Etymology
Advertisement

revel (n.)

late 14c. (c. 1200 as a surname), "riotous merry-making," also an occasion of this, from Old French revel, resvel "entertainment, revelry," verbal noun from reveler, also rebeller (14c.) "be disorderly, make merry" (see rebel (adj.)). "The development of sense in OF. is 'rebellion, tumult, disturbance, noisy mirth'" [OED].

Formerly especially a kind of dance or performance given in connection with masks or pageants, a dancing procession (usually revels). Related: revel-rout "riotous throng."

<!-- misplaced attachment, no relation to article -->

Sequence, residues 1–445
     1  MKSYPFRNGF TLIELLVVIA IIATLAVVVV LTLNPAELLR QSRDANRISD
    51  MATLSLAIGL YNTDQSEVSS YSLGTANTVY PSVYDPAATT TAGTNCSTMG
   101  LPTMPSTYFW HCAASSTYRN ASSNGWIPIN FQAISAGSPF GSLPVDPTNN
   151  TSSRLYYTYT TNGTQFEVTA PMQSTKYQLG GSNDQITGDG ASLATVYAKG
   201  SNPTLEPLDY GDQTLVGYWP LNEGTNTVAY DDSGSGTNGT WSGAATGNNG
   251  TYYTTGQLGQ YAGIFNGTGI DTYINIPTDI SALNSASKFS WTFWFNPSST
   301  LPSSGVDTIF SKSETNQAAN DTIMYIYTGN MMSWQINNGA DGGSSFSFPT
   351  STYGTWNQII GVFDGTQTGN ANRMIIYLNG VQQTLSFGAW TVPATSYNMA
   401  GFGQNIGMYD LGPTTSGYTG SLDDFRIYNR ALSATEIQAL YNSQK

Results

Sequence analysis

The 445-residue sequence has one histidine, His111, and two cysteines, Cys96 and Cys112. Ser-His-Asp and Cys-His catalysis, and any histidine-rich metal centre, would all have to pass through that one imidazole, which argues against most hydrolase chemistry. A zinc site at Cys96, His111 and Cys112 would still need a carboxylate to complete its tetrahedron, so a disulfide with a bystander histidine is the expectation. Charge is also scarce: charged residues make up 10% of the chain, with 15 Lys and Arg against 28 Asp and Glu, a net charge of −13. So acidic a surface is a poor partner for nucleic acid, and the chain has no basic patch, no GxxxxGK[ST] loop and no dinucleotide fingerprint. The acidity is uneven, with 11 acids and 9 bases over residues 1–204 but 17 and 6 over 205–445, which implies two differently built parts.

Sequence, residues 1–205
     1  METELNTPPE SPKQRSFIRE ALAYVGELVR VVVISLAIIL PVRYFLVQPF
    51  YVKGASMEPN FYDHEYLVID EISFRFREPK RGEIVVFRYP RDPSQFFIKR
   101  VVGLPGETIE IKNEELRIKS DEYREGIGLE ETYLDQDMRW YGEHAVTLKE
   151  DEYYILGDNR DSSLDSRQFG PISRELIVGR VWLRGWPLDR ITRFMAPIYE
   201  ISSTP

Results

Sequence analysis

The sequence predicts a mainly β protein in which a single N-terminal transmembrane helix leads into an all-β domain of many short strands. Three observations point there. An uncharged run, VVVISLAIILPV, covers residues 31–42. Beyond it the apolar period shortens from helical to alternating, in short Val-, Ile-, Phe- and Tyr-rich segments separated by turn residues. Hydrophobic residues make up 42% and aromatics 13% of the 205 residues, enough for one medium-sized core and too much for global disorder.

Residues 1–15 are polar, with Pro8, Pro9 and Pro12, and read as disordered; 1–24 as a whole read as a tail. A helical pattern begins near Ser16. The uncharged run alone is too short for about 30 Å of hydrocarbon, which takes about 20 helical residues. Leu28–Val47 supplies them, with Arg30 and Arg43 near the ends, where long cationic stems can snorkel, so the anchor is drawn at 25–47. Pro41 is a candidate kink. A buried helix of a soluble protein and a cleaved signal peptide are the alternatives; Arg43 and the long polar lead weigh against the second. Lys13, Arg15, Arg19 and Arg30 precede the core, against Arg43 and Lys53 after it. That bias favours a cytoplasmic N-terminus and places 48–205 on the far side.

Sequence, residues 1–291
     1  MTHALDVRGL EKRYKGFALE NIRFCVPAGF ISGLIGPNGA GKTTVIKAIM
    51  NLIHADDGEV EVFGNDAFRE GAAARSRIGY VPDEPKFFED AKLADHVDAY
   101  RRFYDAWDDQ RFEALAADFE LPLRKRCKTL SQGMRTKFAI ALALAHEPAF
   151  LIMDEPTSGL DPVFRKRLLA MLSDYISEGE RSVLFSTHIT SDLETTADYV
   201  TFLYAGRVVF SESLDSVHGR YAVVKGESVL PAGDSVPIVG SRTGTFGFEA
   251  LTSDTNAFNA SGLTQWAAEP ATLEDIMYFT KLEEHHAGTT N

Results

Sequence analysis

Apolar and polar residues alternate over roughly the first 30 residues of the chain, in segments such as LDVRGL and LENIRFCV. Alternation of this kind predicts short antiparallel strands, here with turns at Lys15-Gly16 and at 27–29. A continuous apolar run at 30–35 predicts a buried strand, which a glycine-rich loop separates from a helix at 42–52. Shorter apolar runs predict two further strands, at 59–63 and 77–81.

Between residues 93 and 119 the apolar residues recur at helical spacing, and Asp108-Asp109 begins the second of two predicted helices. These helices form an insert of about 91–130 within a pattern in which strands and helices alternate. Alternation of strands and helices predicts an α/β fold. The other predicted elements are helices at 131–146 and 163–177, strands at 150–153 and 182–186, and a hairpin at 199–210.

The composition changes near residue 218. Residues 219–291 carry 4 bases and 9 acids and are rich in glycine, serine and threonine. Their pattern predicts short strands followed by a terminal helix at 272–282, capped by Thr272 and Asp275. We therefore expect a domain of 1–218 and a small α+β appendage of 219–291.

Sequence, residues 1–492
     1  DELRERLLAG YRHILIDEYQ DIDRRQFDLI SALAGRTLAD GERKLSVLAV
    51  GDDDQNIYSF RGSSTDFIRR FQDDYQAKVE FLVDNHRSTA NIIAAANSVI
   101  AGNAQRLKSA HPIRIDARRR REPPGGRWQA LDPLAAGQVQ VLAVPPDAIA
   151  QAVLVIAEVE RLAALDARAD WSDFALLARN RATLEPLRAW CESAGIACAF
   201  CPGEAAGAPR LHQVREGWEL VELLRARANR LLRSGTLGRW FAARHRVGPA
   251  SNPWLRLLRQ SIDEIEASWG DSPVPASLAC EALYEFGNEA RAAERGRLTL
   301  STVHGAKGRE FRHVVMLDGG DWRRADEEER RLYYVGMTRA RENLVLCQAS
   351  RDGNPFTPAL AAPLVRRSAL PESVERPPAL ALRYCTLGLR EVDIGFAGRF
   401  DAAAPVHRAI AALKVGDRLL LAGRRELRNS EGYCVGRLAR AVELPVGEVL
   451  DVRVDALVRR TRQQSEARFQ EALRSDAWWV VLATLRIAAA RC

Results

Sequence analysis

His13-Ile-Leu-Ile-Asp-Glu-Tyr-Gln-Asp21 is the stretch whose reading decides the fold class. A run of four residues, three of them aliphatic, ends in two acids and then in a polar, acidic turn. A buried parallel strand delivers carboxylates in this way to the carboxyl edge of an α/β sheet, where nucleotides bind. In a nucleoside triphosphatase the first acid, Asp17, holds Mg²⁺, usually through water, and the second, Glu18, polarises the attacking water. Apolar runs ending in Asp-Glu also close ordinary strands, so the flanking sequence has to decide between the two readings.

revel (v.)

early 14c., revelen, "to feast in a noisy manner, make merry;" late 14c., "take part in revels," from Old French reveler, also rebeller "be disorderly, make merry; rebel, be riotous," from Latin rebellare "to rebel" (see rebel (v.)). The meaning "take great pleasure in" is recorded by 1754. Related: Reveled; reveling; revelled; revelling.

Others are reading

Advertisement
Advertisement
Definitions of revel
1
revel (v.)
take delight in;
Synonyms: delight / enjoy
revel (v.)
celebrate noisily, often indulging in drinking; engage in uproarious festivities;
Synonyms: racket / make whoopie / make merry / make happy / whoop it up / jollify / wassail
2
revel (n.)
unrestrained merrymaking;
Synonyms: revelry
From wordnet.princeton.edu